I am not a lawyer and I make no apology for that. We who are elected here come from all sorts of backgrounds, and whatever our background, we are equal and our voices should all be heard.
I heard what my hon. Friend Sir Robert Neill said about fashions and all of that. When I was first elected to Parliament, Margaret Thatcher was the Prime Minister and Lord Hailsham was the Lord Chancellor. I fully accept that the world was different then. When I and people like me compare what our party is doing now to what it did then, it is a bit of a shock. If I fast forward to when Lord Mackay of Clashfern was Lord Chancellor—a wonderful Lord Chancellor, who is very much on the ball these days, even though he is over 90—and remember the position he took in 1996, I share his worries.
As I said earlier, I do not think this debate is about saying that people should not live together, or that it is about celebrating marriage. Regardless of how my right hon. and learned Friend the Lord Chancellor has explained the situation, I am worried that my party is giving out a message, and when messages are put out on social media and in the newspapers, that is what people grab. I am just a little worried that, although my right hon. and learned Friend, to whom I listened carefully, has reassured us about reconciliation and all other matters, it may just make a margin. I go back to what I said, to pick up on the point made by my hon. Friend the Member for Bromley and Chislehurst, that yes, people change, but at the end of it all, human beings are human beings and relationships are relationships. It is a big step to get married, and the fallout of divorce is truly shocking. The Minister, who did a wonderful job in summing up, responded to the amendments earlier, but I repeat that I would much prefer fewer people getting married, if marriage is no longer going to be fashionable, than see divorce increase.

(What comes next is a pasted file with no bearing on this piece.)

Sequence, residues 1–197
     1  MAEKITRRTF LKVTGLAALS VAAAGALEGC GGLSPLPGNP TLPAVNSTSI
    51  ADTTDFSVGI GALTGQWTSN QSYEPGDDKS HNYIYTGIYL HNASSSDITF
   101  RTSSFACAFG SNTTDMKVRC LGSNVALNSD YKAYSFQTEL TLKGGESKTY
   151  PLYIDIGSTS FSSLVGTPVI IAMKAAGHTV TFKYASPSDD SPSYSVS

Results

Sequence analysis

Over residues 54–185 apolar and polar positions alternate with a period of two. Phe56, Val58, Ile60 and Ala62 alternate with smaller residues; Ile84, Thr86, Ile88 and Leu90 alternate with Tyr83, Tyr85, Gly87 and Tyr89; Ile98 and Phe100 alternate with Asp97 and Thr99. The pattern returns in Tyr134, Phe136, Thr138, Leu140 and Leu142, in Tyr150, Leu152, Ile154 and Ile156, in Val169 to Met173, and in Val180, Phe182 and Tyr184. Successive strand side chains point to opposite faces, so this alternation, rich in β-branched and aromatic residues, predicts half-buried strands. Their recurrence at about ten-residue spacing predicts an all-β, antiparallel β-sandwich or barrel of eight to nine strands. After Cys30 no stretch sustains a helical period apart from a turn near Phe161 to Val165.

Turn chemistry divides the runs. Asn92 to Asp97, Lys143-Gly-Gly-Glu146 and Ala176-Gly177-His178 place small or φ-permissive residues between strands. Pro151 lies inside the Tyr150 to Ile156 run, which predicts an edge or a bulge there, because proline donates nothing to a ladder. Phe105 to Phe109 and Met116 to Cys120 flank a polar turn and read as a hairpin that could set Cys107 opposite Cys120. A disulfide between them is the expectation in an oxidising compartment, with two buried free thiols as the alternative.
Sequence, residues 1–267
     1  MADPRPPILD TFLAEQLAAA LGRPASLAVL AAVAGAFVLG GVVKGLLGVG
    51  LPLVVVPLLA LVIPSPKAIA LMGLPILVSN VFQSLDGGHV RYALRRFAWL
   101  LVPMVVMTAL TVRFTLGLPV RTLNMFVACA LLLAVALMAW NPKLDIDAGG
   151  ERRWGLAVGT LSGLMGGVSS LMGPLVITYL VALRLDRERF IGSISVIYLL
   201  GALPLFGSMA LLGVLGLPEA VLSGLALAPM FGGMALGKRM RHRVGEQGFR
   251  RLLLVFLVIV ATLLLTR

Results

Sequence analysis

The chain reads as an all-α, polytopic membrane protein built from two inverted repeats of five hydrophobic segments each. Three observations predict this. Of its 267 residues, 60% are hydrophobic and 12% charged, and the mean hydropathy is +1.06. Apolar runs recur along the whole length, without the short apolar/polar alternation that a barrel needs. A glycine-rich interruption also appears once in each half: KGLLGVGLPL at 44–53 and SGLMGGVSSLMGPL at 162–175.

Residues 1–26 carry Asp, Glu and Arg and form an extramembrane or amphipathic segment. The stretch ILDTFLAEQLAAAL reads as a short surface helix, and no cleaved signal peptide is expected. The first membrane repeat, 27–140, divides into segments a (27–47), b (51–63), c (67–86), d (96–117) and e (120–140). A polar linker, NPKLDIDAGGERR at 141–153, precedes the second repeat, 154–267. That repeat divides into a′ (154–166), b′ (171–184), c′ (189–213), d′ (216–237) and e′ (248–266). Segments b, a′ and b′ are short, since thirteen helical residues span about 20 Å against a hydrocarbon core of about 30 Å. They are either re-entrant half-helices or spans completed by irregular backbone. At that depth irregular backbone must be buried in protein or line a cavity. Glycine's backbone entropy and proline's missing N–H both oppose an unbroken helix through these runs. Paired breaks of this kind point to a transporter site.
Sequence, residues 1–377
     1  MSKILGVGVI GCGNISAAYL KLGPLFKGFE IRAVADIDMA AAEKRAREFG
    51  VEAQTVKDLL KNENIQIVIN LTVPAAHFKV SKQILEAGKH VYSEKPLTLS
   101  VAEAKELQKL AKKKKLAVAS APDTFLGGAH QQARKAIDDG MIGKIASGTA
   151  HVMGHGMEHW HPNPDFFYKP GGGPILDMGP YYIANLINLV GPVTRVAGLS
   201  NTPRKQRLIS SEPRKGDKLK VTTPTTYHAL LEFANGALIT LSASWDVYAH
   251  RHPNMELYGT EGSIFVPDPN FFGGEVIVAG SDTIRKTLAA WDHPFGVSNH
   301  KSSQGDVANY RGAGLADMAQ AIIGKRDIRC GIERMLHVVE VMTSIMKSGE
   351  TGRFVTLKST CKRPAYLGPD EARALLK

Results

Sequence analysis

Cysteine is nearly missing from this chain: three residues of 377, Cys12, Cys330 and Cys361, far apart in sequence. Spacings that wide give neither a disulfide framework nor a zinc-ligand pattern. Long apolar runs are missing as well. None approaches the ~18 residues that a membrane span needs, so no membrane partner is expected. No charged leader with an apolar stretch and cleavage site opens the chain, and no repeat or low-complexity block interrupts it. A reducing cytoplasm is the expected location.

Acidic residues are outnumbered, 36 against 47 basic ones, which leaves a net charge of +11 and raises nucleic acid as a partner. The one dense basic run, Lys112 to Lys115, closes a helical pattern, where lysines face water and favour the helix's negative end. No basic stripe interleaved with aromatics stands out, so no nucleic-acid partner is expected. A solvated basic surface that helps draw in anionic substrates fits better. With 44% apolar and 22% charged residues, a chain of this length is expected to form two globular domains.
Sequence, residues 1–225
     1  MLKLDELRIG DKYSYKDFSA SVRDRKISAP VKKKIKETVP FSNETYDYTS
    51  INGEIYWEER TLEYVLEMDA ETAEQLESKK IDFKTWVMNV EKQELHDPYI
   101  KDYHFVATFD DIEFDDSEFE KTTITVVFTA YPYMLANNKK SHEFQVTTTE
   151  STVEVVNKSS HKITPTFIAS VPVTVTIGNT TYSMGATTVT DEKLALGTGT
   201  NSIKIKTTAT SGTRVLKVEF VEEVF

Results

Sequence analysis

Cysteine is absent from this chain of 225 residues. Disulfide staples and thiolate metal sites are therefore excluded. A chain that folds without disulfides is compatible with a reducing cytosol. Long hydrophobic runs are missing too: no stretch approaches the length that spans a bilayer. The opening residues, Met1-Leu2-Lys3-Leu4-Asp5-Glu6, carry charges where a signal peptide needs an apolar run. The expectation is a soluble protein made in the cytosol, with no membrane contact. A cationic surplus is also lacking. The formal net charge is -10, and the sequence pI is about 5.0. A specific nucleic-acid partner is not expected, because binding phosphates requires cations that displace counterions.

The final thing I would say to my right hon. and learned Friend is that I think the whole House wants him to succeed with this legislation, but if he is wrong and I am right, and we see more divorces, I would be very interested to learn how the Government will deal with that situation. Obviously, I hope that my right hon. and learned Friend is right about what he wants to achieve, but I have been here and listened to many Ministers state things before, and of course there is a huge gap between their saying something and learning how it impacts five, 10, 15 or 20 years later. I just hope that on this occasion I am wrong.